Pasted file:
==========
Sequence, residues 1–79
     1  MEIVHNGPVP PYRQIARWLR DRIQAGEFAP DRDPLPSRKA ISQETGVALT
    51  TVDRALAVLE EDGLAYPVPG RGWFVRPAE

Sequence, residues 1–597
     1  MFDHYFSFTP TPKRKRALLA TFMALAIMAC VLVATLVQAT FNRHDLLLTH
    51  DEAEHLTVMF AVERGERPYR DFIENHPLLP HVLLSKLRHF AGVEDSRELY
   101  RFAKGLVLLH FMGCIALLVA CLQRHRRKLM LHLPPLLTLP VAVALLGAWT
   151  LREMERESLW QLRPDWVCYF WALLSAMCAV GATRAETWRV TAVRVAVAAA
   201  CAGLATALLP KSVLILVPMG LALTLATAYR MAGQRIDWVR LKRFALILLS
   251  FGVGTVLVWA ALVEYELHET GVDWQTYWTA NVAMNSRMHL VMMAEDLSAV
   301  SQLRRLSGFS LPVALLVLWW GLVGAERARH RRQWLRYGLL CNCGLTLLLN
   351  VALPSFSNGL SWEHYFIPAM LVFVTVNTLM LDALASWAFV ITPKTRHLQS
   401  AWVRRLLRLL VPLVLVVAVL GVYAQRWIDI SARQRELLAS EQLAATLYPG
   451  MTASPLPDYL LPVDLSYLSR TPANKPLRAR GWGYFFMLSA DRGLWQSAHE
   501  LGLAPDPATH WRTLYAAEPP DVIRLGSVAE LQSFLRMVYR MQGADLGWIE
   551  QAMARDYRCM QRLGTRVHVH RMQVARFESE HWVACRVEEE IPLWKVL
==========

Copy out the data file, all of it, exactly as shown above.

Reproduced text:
Sequence, residues 1–79
     1  MEIVHNGPVP PYRQIARWLR DRIQAGEFAP DRDPLPSRKA ISQETGVALT
    51  TVDRALAVLE EDGLAYPVPG RGWFVRPAE

Sequence, residues 1–597
     1  MFDHYFSFTP TPKRKRALLA TFMALAIMAC VLVATLVQAT FNRHDLLLTH
    51  DEAEHLTVMF AVERGERPYR DFIENHPLLP HVLLSKLRHF AGVEDSRELY
   101  RFAKGLVLLH FMGCIALLVA CLQRHRRKLM LHLPPLLTLP VAVALLGAWT
   151  LREMERESLW QLRPDWVCYF WALLSAMCAV GATRAETWRV TAVRVAVAAA
   201  CAGLATALLP KSVLILVPMG LALTLATAYR MAGQRIDWVR LKRFALILLS
   251  FGVGTVLVWA ALVEYELHET GVDWQTYWTA NVAMNSRMHL VMMAEDLSAV
   301  SQLRRLSGFS LPVALLVLWW GLVGAERARH RRQWLRYGLL CNCGLTLLLN
   351  VALPSFSNGL SWEHYFIPAM LVFVTVNTLM LDALASWAFV ITPKTRHLQS
   401  AWVRRLLRLL VPLVLVVAVL GVYAQRWIDI SARQRELLAS EQLAATLYPG
   451  MTASPLPDYL LPVDLSYLSR TPANKPLRAR GWGYFFMLSA DRGLWQSAHE
   501  LGLAPDPATH WRTLYAAEPP DVIRLGSVAE LQSFLRMVYR MQGADLGWIE
   551  QAMARDYRCM QRLGTRVHVH RMQVARFESE HWVACRVEEE IPLWKVL